Clean Power Alliance Coming to Manhattan Beach
Dec 15, 2018 02:56PM
● By Jeanne Fratello
If, like most Manhattan Beach residents, you got a mailing in the past week from Clean Power Alliance announcing itself as your new electricity supply provider, you may have been confused - and you're not alone.
While the city of Manhattan Beach voted to join the Clean Power Alliance in December 2017, most residents remained unaware of the shift until they received the mailing in the past few days. The changeover will take place in February 2019.
Clean Power Alliance is a public agency made up of 31 local governments across Los Angeles and Ventura counties ー including the city of Manhattan Beach ー that aims to bring clean, renewable power choices to its communities. Clean Power Alliance will purchase clean power and Southern California Edison (SCE) will deliver it. No other part of the service is expected to change. SCE will continue to send just one bill, and will be responsible for resolving any issues with electricity service.
Residents will not have to do anything to be automatically enrolled in Clean Power Alliance’s Clean Power rate option, which provides 50% renewable content and the opportunity to support building a cleaner future. The rates are expected to be in line with current SCE rates.
Here's where it gets interesting: Once enrolled, customers will also have the option to change over to Clean Power Alliance’s other two rate options, a less expensive and less "green" option, or a more expensive but the ultimate "green" option. The Lean Power program will provide 36% renewable content at the lowest possible cost, and the 100% Green Power program, will provide 100% renewable content and gives customers the opportunity to go the "greenest" route possible.
No matter the rate option, Clean Power Alliance aims to offer the shared benefits of local management and control, stable, competitive rates, and higher renewable energy content.
Customers who have used special rates or programs in the past, such as CARE, FERA, Medical Baseline, Level Pay or Summer Discounts will still have access to these programs and discounts. Clean Power Alliance also says that it will develop new and unique programs exclusively for local customers.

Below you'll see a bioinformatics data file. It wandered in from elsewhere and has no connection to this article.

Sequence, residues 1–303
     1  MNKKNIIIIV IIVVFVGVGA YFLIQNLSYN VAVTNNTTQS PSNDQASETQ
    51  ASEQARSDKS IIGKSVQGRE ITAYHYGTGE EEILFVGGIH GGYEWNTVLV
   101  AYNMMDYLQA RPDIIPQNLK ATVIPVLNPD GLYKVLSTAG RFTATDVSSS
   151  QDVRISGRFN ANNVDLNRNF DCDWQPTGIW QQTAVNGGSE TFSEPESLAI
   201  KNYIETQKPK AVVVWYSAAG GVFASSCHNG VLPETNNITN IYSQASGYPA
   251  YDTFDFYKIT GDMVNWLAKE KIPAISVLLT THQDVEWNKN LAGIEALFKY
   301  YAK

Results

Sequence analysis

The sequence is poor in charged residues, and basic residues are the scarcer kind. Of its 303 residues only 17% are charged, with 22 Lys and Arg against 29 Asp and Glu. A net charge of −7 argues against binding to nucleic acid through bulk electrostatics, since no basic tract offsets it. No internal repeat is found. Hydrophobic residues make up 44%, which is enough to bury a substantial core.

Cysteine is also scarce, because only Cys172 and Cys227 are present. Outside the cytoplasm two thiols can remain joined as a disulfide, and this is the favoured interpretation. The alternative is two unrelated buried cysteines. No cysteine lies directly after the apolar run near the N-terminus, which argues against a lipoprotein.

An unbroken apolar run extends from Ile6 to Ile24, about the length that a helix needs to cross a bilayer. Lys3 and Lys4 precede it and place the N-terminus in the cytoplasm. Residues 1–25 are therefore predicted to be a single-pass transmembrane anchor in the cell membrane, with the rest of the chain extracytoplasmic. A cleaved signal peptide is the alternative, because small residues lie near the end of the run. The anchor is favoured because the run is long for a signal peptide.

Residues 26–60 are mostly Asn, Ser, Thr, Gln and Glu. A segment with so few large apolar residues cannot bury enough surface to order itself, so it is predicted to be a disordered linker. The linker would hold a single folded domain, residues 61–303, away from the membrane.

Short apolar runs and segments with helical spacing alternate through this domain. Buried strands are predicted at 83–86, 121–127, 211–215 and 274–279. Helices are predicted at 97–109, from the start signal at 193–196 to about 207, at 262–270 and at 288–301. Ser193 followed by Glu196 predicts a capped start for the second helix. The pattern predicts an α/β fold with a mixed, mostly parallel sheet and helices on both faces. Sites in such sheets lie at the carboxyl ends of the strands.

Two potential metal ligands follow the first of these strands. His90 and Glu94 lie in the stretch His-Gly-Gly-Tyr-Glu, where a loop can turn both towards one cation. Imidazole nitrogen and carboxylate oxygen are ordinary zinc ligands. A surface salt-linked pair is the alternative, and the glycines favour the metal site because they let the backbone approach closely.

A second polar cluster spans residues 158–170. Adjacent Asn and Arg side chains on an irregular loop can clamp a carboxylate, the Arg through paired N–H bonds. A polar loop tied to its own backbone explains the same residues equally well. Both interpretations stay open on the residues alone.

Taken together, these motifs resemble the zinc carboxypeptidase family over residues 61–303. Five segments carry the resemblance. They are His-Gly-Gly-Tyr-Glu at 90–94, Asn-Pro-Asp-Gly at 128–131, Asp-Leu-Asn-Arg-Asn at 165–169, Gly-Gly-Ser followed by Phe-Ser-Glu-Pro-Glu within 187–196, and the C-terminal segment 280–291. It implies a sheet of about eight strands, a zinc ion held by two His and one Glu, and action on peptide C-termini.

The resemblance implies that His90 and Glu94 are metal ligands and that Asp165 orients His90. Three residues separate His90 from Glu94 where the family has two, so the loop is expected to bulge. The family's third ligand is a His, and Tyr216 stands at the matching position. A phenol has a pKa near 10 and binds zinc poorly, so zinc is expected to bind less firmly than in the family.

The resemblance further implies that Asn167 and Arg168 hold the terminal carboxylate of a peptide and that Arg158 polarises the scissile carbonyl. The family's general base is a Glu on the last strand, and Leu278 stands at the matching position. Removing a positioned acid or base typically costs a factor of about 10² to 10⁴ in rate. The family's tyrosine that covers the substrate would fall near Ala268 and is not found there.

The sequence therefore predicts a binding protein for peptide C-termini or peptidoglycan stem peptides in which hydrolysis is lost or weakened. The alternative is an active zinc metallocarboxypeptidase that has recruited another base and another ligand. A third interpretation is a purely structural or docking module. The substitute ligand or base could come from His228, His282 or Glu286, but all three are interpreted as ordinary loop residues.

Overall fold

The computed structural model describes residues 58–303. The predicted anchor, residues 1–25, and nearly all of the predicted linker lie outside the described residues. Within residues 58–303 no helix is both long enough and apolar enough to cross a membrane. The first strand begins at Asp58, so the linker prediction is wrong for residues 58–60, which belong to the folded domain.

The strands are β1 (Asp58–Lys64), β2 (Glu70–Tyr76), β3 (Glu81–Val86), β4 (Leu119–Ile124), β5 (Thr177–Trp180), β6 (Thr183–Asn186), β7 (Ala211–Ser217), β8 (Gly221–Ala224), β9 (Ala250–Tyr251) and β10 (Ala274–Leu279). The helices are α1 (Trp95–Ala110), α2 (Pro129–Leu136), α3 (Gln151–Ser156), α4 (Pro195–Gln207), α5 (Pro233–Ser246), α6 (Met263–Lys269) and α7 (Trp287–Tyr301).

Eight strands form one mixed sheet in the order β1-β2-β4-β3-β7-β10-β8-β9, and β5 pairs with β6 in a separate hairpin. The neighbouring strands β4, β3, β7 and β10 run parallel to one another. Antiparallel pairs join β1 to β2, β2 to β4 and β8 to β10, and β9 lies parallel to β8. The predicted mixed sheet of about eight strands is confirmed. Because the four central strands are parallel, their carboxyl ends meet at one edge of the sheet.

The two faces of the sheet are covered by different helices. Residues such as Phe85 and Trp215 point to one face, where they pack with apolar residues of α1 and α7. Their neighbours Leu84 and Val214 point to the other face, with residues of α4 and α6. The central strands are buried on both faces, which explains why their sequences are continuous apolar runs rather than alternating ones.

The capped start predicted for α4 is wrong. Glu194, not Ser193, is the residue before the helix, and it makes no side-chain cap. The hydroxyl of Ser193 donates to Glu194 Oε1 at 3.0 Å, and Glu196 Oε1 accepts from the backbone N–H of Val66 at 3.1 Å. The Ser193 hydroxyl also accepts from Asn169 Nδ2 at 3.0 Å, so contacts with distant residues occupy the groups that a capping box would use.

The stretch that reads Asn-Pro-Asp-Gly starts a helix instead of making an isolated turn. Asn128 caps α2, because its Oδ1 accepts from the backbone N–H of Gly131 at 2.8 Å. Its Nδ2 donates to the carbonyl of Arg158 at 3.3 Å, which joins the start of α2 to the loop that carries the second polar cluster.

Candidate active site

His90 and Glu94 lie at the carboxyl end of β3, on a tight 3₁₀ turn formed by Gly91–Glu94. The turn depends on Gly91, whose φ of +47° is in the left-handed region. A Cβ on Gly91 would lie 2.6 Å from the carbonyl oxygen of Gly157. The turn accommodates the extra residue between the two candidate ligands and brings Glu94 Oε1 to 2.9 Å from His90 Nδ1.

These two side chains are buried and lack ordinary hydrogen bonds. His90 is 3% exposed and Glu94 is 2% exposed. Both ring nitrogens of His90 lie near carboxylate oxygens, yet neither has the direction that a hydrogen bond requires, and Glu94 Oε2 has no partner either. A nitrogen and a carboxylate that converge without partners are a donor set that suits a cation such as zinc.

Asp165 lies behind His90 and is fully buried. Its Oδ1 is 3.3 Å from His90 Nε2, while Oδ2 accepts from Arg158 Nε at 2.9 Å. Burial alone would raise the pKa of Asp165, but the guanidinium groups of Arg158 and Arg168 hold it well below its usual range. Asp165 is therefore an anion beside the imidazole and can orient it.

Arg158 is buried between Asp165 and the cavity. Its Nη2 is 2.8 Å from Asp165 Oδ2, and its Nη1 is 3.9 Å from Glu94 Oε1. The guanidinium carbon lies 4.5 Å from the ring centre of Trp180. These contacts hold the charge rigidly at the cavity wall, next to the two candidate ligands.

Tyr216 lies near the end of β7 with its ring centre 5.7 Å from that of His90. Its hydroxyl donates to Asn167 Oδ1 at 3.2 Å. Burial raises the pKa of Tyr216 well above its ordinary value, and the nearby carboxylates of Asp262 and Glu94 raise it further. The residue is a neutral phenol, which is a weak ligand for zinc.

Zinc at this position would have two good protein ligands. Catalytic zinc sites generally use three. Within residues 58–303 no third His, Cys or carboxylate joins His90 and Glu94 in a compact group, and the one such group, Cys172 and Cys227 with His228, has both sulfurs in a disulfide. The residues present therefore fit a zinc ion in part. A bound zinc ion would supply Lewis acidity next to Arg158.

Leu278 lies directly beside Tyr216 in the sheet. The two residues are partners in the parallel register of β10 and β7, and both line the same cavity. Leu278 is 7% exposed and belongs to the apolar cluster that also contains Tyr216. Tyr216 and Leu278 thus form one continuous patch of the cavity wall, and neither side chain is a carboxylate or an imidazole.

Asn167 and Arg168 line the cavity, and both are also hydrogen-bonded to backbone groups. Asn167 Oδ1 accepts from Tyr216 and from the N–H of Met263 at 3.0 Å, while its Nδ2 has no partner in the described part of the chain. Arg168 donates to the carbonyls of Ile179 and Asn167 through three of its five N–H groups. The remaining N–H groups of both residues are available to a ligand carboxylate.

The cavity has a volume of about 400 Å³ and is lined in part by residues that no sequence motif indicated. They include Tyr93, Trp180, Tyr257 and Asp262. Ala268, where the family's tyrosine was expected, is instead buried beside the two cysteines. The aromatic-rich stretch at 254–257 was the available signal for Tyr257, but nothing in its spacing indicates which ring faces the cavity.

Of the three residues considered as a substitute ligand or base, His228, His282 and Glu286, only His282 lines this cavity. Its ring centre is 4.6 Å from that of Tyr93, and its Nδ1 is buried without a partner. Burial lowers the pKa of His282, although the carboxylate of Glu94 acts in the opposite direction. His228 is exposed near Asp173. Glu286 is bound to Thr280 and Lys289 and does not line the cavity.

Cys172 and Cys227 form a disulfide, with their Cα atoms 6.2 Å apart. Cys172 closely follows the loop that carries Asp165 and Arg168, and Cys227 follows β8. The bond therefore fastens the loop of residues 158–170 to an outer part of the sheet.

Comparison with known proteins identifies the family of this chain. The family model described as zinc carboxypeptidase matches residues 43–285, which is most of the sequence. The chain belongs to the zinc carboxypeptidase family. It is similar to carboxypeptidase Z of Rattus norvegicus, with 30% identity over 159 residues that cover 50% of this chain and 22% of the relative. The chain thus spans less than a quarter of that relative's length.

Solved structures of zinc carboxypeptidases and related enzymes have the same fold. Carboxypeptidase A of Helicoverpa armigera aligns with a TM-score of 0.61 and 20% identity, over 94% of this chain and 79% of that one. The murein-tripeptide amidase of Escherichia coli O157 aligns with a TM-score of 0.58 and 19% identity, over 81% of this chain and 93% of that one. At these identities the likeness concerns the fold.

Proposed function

According to the City of Manhattan Beach, customers will receive a total of four notices via mail before and after the switch from SCE to Clean Power Alliance for electricity generation. Service for residential customers will begin in February 2019, and customers will receive (or may have already received) their first notice this month containing additional details, including instructions on how to choose a different rate option and customer support contact information.
Clean Power Alliance service for non-residential customers is scheduled to begin in May 2019.
Clean Power Alliance will soon serve over three million Southern California residents and over one million customer accounts. Worth noting: Southern California Edison is seeking to have its departing customers pay $125 million to cover its shortfall following increased prices it had to pay during a summer heat wave. “Basic fairness and the law dictate that all customers responsible for the under-collection should pay a fair share; anything else would raise costs for other remaining customers,” SCE said in a statement to the L.A. Times earlier this week. Community choice advocates have asked the California Public Utilities Commission to deny SCE’s request.
More information about the new power program is available at www.cleanpoweralliance.org or by calling Clean Power Alliance at 888-585-3788.